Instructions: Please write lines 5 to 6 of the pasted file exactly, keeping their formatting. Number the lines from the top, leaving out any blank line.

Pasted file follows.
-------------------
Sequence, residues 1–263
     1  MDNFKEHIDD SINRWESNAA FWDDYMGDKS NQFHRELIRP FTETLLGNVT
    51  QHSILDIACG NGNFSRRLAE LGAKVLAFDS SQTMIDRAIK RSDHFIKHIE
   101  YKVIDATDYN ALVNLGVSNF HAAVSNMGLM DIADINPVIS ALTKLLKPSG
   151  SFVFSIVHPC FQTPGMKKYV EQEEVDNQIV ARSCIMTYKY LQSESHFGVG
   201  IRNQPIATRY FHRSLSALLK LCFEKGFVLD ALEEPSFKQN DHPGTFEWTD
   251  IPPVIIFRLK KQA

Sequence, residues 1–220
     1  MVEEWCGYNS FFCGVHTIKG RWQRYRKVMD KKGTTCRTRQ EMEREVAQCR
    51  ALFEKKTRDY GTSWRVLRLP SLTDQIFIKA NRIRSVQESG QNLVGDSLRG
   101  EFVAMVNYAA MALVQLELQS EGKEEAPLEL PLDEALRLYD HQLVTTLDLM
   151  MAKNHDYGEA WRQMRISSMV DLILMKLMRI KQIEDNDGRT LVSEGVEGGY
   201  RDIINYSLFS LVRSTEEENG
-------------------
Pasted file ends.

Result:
   151  SFVFSIVHPC FQTPGMKKYV EQEEVDNQIV ARSCIMTYKY LQSESHFGVG
   201  IRNQPIATRY FHRSLSALLK LCFEKGFVLD ALEEPSFKQN DHPGTFEWTD